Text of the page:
“Dear publicist, My book just released and I’d like to promote it. How can you help?”
“Hi! My novel came out last fall and sales have been close to zero. Can we talk about what your firm can do to promote it?”
Ouch! These emails break my heart.
I typically get about two like this a day asking for help with a book that has already released. Or is releasing next week. Or tomorrow. Sadly, in those cases there’s little if anything I can do.
That’s because the work of getting a book onto the radar screen of people who will review it, blog about it or interview its author must absolutely begin well in advance of publication.
I know it sounds counterintuitive: at long last a book has hit the market, it’s time to tell the world! But in fact, this is a far cry from how things work on the back end.
To understand why, we need to get inside the minds of the people on the back end — those who will be writing those reviews, conducting those interviews or publishing your blog posts. In order to even consider a book for coverage, the person doing so usually needs to read first, and then craft a thoughtful news item about it — whether that’s a review, a feature story or an author Q&A. He or she will also have to get the news item approved and possibly revised by an editor, who’s equally swamped and running chronically behind. And chances are, said person already has a pile of about 20 other books to read or consider first. It’s not unlike the process agents go through where their slush piles just keep growing but there are only so many hours in a day.
Yet this is completely at odds with the imperatives of organizations offering coverage such as magazines, newspapers, radio stations and sites like The Huffington Post. These organizations are news outlets. So are may blogs, including book blogs. By definition, news is information about what’s new. Take a look at your daily newsfeed, or turn on the evening TV news: each article or story contains information or commentary relevant in some way to an event that has taken place that very day, or to one that took place very recently and is still being buzzed about. So news outlets have to give priority to what’s new or timely.
Your book is only new once: that’s on its publication date and for the 2 or 3 weeks surrounding it. In industry jargon, we call that date a “news peg:” it’s what makes the book relevant from a news perspective, thus “pegging it” to the news. So any news organization covering your book will only be able to justify doing so within that brief period on or around its publication date — unless you’re the guy who wrote the book Why Planes Crash published in 2011 and are invited to talk about its lessons on AC360 in 2014 in the context of the MH370 tragedy, which sadly provided a new news peg.
How, then, do reporters, reviewers, producers or others developing news stories about books balance the contradicting imperatives of needing time to prepare coverage, yet also needing to cover a book on or around its publication date? Simple: they prepare those reviews, those author Q&As or whatever else they have in mind in advance, and schedule the items to run later, during that crucial publication date period.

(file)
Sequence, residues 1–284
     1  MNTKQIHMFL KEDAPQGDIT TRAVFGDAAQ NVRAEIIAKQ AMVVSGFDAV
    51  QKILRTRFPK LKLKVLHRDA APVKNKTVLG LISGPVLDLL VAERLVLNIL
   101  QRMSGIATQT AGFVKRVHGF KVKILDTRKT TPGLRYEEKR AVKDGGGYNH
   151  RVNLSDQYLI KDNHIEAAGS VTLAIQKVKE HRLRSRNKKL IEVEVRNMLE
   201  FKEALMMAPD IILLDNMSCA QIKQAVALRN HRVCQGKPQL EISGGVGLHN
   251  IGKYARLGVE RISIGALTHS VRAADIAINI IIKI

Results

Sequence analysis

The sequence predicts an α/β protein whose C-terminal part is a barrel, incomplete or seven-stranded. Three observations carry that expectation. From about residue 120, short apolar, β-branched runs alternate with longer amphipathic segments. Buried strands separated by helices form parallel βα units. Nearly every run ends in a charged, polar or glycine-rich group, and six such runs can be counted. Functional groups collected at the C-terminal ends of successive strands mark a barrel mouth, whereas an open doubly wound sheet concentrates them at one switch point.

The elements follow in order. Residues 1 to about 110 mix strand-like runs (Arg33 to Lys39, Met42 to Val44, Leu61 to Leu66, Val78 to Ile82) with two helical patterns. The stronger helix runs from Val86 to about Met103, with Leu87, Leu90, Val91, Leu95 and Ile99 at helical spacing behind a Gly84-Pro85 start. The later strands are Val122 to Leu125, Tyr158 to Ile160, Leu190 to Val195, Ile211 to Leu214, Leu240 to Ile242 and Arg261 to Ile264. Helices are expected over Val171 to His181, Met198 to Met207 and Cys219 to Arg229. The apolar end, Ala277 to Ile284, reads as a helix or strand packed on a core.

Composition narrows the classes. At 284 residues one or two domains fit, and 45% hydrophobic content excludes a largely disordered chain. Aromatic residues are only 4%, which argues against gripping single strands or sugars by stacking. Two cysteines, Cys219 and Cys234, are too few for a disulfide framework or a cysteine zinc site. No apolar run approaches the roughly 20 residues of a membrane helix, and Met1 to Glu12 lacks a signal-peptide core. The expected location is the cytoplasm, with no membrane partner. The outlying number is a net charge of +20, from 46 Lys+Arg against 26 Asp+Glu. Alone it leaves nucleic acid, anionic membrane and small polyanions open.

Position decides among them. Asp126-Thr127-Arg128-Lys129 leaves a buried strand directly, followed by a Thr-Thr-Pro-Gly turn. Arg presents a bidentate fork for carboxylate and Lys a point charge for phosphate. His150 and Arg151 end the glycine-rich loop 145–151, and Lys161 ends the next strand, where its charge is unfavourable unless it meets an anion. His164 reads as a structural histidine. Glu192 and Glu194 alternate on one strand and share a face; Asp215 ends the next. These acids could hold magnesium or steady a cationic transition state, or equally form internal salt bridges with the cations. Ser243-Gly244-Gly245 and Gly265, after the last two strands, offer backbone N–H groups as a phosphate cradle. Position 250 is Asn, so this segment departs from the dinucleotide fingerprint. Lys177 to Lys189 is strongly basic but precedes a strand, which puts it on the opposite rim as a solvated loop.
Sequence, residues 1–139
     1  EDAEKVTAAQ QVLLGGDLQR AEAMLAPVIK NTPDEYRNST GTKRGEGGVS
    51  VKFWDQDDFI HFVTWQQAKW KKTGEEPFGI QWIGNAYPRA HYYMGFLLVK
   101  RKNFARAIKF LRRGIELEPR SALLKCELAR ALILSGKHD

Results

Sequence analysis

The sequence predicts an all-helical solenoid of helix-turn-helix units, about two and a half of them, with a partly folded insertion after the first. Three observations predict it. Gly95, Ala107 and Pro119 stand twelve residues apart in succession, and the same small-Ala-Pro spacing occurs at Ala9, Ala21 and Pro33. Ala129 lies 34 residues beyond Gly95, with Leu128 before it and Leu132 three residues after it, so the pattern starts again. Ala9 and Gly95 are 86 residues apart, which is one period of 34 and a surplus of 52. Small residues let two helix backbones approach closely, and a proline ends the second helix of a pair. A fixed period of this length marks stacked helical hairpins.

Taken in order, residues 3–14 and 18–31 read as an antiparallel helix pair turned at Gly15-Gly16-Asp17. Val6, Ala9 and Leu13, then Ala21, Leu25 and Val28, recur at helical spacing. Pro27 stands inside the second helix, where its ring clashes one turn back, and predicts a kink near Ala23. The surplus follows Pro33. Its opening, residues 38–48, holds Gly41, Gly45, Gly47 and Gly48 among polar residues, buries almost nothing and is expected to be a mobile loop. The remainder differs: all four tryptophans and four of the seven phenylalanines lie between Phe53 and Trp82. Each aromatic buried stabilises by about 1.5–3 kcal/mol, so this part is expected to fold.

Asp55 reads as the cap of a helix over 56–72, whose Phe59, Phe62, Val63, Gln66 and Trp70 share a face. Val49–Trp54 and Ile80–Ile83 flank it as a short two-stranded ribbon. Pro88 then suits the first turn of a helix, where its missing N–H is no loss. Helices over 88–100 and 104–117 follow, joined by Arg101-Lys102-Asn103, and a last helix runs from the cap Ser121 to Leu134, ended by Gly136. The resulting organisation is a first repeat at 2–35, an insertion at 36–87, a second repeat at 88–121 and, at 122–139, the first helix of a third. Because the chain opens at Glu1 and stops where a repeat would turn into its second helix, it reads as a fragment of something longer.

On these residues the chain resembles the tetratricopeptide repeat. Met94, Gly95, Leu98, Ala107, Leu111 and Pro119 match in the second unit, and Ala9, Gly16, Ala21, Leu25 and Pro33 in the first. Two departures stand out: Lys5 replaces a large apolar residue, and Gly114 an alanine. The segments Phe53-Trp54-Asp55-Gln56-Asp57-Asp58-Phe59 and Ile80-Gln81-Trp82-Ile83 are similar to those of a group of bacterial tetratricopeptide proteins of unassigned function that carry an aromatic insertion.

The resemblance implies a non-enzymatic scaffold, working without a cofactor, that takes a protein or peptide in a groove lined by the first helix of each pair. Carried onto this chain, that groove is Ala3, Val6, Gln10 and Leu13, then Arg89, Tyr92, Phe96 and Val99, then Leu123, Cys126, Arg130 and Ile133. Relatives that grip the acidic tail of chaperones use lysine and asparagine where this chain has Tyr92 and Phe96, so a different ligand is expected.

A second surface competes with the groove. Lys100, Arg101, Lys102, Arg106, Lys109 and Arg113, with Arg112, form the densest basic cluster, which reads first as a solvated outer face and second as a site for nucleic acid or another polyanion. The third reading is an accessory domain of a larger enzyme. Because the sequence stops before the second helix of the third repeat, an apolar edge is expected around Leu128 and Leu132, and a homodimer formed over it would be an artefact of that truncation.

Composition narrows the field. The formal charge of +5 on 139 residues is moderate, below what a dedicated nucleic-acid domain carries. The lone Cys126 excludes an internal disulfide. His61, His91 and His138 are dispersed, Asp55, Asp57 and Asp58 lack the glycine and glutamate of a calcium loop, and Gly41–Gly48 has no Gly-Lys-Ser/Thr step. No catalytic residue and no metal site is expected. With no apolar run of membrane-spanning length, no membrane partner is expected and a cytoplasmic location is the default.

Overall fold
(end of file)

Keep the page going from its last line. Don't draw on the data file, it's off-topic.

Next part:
This even happens right here on WU. Authors and their publicists work with our beloved Teri many months before a book’s pub date to get a related blog post onto the very full schedule. I, for example, usually contact Teri about 3 months in advance about WU-worthy posts my clients might write. From a timing perspective, book review blogs function in a similar way.
To complicate matters, more broadly-focused news outlets like radio stations or consumer magazines must constantly negotiate between the imperative of focusing on timely, often critical, issues and events, and the luxury of adding in some stories that are of purely human interest with no inherent connection to current events. These are usually grouped generally under the category called “features.” Books fall into that category, even on the very date of their publication. Features coverage always takes back-burner to stories that are more relevant to what’s happening on a larger scale in the world around us. For example, I once had a client whose book interview on Boston’s NPR station, WBUR, was cancelled due to the breaking story about Occupy Boston. In other words: in the jungle that is the real-life news world, books are pretty low on the food chain.
This makes it all the more important for those reviews or author Q&As to be prepared in advance and get placed in the queue of news items scheduled to run when the right opportunity opens up within a given timeframe. That could happen earlier than expected, or much later. It all depends on the broader news environment. But if your item is not in the queue, it won’t happen at all.
Even at outlets like NPR’s Fresh Air that are focused exclusively on books and the arts, the same lead-time and advance scheduling principle applies. I can guarantee you that Terry Gross knows today what books she’ll be talking about in December. The only exception would be if a major news story broke between now and then that made her decide to swap out one book for another that’s more relevant to the news context. But even then, her staff will have already read and vetted that other book.
So what does this mean if you’re an author considering taking steps to promote your book?
First, bear in mind that books typically need to be sent out to the media 3 months in advance of their pub date date. And that the prep work for that process can take an additional month. So four months lead time is a good, safe horizon to work with.
Second, by all means, avoid the “wait-and-see” game. Before you know it, it’ll be too late!
Remember, too: on the flip side of a publication date’s short shelf life in the news world, it’s never too early to start.